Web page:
• 5. ties’ is also broken into two, with additional data about enrollment via the induced course load matrix. A new step is added to calculate revenue stream based on enrollment, tuition and fees, and financial aid data. The revised steps of a cost model for analyzing online courses now include the following: 1. Define the resource issues 2. Choose outputs and performance measures 3. Document activities and tasks 4. Gather faculty and staff workload data 5. Collect data on direct costs 6. Calculate data on hidden, indirect, or shared administrative costs 7. Gather data on enrollment 8. Calculate results for each activity 9. Calculate revenue stream 10. Summarize the results Steps for a Cost Analysis of Online Courses 1. Define the resource issues Central to any model development is the need to define the objective. While this paper is focused specifi- cally on examining cost issues for online courses, there are dozens of complex and informative issues which could be studied. It is impossible to create a single model which will meet a wide variety of needs. Planners are well served by establishing the resource allocation issue first, then building a model. Once a model has been developed and used for a specific question, new questions will arise. One needs to go through the model building exercise again, rather than look for ways to simply tweak the existing product. While this may seem a luxury of time, it prevents a type of planning myopia which sees only the solution, sometimes without truly documenting and challenging the assumptions behind it. The Flashlight Cost Analysis Handbook recommends stating the resource allocation question directly in a few sentences. For example, that an institution wants to know whether it is cheaper to offer an online sec- tion of a course than its traditional counterpart. Cheaper will be defined for the time being as requiring less net costs per section. In examining online courses, many questions beg comparison to their traditional counterparts and this process needs to be built into model development from the beginning. However, an online course may not have an on-campus equivalent. It may be necessary to benchmark against certain activities which make up the course, such as course preparation time. In choosing an ABC resource issue to study, it is necessary to pick something which lends itself to being broken down by activities and within these tasks. If an institution outsources online course development to a vendor, it may be difficult to benchmark the costs by activity. A single fee per enrolled student may be paid per semester to the vendor. While the vendor supports the web server setup, course development, and administrative tasks, these are not broken out into data for an institution. Only the activities which are under institutional control may be more easily evaluated. Whatever the question, planners need to ensure that building a model will benefit the institution by an- swering resource allocation questions of interest. The Flashlight Handbook suggests that a mock version of a model be created with simulated results. Does the report tell administrators what they need to know to make decisions? If not, it is better to reframe the scope of the model at the outset, rather than have to redefine it after much time and ownership have already gone into its development. 5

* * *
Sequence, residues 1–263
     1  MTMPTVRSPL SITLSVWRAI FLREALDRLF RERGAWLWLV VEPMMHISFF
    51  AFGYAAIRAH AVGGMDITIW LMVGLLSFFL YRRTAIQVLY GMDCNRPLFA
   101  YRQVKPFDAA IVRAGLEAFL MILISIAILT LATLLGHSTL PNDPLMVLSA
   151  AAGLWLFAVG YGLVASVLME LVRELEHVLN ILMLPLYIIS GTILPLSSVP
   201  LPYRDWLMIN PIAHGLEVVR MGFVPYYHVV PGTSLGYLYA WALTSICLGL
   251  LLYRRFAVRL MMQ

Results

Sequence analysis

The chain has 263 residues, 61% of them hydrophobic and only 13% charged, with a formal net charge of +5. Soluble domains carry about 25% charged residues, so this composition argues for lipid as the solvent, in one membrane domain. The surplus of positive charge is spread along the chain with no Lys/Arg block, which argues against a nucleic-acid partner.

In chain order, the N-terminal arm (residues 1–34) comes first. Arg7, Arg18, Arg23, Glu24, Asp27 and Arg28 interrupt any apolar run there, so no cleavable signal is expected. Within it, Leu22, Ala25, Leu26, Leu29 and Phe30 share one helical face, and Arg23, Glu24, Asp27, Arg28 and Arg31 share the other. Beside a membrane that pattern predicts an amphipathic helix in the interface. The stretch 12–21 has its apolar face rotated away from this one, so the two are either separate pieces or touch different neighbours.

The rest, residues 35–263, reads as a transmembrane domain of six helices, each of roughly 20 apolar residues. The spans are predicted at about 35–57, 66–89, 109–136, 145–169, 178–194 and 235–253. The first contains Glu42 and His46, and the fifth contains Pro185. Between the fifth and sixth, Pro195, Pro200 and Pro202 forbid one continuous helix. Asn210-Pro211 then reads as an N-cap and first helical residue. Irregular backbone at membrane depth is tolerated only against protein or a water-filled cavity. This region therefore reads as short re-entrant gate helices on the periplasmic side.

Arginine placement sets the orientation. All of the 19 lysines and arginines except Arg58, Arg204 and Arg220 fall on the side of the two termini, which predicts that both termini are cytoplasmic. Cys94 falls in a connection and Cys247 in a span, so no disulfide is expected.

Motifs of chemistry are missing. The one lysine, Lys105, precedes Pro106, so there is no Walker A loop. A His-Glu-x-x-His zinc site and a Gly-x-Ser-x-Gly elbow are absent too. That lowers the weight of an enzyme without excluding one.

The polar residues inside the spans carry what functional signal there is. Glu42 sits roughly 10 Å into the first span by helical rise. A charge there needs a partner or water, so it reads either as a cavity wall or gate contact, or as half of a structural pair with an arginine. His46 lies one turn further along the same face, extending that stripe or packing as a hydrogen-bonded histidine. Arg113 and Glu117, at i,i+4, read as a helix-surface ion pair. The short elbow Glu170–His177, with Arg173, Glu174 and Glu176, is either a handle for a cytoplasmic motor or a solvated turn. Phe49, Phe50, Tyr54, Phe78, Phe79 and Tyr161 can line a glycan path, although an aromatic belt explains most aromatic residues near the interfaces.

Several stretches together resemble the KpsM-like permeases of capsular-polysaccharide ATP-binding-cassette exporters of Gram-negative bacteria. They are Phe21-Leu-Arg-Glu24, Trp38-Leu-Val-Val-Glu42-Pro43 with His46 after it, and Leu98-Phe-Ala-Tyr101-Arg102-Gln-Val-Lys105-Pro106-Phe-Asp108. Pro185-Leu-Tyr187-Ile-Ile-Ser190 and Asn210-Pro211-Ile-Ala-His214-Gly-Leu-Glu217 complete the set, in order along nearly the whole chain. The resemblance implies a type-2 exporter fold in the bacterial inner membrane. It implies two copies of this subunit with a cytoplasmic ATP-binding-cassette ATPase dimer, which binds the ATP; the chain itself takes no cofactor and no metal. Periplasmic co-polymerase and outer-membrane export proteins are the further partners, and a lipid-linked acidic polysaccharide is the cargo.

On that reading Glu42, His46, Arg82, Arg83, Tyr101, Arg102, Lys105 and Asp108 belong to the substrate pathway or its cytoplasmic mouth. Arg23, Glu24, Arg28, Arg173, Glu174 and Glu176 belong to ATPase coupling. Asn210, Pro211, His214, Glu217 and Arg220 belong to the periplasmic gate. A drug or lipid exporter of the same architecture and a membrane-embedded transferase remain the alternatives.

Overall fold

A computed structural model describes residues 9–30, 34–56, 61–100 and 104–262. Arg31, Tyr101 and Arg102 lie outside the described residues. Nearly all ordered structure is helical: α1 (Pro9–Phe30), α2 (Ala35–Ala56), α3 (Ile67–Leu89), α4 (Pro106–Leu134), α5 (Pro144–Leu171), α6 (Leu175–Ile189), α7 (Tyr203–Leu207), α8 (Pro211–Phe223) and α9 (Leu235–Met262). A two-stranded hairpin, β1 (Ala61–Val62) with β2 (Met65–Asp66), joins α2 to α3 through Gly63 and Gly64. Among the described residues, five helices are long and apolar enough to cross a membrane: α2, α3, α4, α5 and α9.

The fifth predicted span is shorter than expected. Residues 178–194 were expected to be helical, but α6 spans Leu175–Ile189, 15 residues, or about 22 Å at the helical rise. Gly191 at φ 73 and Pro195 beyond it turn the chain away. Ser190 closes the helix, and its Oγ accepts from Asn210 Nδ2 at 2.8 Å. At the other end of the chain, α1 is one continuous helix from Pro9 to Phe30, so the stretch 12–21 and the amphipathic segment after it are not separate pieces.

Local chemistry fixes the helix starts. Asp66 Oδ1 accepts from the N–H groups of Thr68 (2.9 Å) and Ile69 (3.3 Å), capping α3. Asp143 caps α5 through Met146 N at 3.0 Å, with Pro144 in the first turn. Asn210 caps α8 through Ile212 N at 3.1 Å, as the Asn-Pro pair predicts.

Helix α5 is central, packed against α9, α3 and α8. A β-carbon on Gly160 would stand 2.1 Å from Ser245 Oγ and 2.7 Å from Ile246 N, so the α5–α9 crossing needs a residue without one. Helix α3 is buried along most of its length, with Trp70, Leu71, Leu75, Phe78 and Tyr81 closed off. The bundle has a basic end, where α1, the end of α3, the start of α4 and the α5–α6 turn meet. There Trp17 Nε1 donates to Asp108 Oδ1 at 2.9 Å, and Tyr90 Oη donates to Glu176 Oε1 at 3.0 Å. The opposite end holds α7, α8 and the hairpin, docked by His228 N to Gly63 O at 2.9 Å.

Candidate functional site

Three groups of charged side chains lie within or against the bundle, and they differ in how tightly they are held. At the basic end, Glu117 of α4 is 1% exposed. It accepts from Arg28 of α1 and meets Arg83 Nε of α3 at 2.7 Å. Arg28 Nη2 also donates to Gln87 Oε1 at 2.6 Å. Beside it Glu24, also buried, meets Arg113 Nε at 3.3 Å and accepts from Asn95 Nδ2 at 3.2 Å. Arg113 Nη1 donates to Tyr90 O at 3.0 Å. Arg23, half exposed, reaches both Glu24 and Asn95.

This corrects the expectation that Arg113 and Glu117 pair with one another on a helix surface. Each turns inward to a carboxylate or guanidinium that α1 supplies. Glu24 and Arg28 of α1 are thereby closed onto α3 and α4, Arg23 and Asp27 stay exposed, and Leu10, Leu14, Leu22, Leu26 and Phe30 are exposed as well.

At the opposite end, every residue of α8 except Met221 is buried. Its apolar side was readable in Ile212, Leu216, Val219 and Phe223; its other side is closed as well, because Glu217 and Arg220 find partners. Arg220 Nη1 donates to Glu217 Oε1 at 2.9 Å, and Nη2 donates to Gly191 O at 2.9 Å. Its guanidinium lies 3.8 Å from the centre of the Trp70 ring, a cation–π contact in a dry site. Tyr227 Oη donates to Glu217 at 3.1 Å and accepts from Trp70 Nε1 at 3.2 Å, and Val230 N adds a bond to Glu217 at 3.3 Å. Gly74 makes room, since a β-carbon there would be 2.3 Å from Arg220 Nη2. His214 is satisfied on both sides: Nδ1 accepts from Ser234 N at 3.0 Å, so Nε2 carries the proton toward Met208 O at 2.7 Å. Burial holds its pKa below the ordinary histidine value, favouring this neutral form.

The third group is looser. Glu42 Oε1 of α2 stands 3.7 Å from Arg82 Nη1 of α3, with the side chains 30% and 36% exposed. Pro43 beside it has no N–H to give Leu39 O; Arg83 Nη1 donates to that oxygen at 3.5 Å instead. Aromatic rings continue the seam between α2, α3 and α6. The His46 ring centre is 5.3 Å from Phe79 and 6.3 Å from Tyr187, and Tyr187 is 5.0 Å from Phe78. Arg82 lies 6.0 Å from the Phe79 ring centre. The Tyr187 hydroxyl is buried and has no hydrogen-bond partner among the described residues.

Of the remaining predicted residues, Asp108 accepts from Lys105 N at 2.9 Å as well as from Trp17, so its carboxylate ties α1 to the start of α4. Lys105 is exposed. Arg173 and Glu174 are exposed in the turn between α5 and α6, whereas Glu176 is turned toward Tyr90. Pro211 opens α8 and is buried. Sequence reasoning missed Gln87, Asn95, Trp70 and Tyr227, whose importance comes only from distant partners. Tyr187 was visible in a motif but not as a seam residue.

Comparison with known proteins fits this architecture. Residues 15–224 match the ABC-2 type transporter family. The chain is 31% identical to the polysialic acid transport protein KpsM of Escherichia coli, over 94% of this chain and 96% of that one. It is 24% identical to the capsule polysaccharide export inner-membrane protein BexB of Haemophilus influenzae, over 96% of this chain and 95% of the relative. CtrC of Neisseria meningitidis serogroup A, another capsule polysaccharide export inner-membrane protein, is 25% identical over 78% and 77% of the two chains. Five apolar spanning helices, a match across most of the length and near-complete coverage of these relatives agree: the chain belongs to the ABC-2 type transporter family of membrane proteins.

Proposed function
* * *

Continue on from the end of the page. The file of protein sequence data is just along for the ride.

• 6. For the purposes of this paper, the resource question will involve comparing the net costs of online versus traditional delivery of the same course and subject matter. The following table documents the framework for comparison of online and traditional classes Table 1: Comparison of Online vs. Traditional Course Sections Semester Instructor Type Section Fall 99 John Online ENGL300A Fall 99 Jane Classroom ENGL300B Fall 99 David Online MIS 200A Fall 99 Sam Classroom MIS 200B Spring 99 Mary Online DESC 200A Spring 99 Louise Classroom DESC 200B Spring 99 Iris Online ASTR100A Spring 99 Peter Classroom ASTR100B 2. Choose outputs and performance measures After defining the resource question of interest, the next step is to decide how to measure costs. What does it mean that a traditional class is cheaper? Is this based on the overall cost of offering an online course per enrolled student? Per student credit hour? Are costs calculated per semester or over time? This is an important point, since it often takes several years to develop the final content and technology for an online course. Should the results somehow be amortized to reflect true costs and benefits? Lessons learned from the four Flashlight case studies described in the Handbook suggest that one of the standard performance indicators, student credit hours, is inadequate for measuring costs in the use of technology in teaching. This is because many implementations of a technology are used for less than the traditional fifteen week course. It is this very flexibility in course scheduling, with differentiated stop and start dates and the ability to tailor course objectives to the audience, which makes online courses so ap- pealing. The calculation of credit hours in a fifteen week semester is a traditional mindset which may or may not meet the needs of the resource allocation question of interest. An alternative presented in the Handbook is weekly student course hours, the number of hours in which students are expected to be engaged in directed, course-related learning activities (which are different from time spent on homework assignments). For the traditional course which meets three hours per week for fifteen weeks, this equates to forty-five hours per student. Comparable to the measure of weekly stu- dent contact hour which is used for calculating space utilization, this measure is more helpful in examin- ing usage statistics which do not fit the traditional, fifteen-week course type. For models of online course costs which incorporate an assessment component as well, planners may wish to use performance indicators such as cost per passing student or cost per retained student. An online course may potentially meet the need of many more students. How many of these students re- mained enrolled after the tenth class day? Is there a higher drop-out or withdrawal rate than the tradi- 6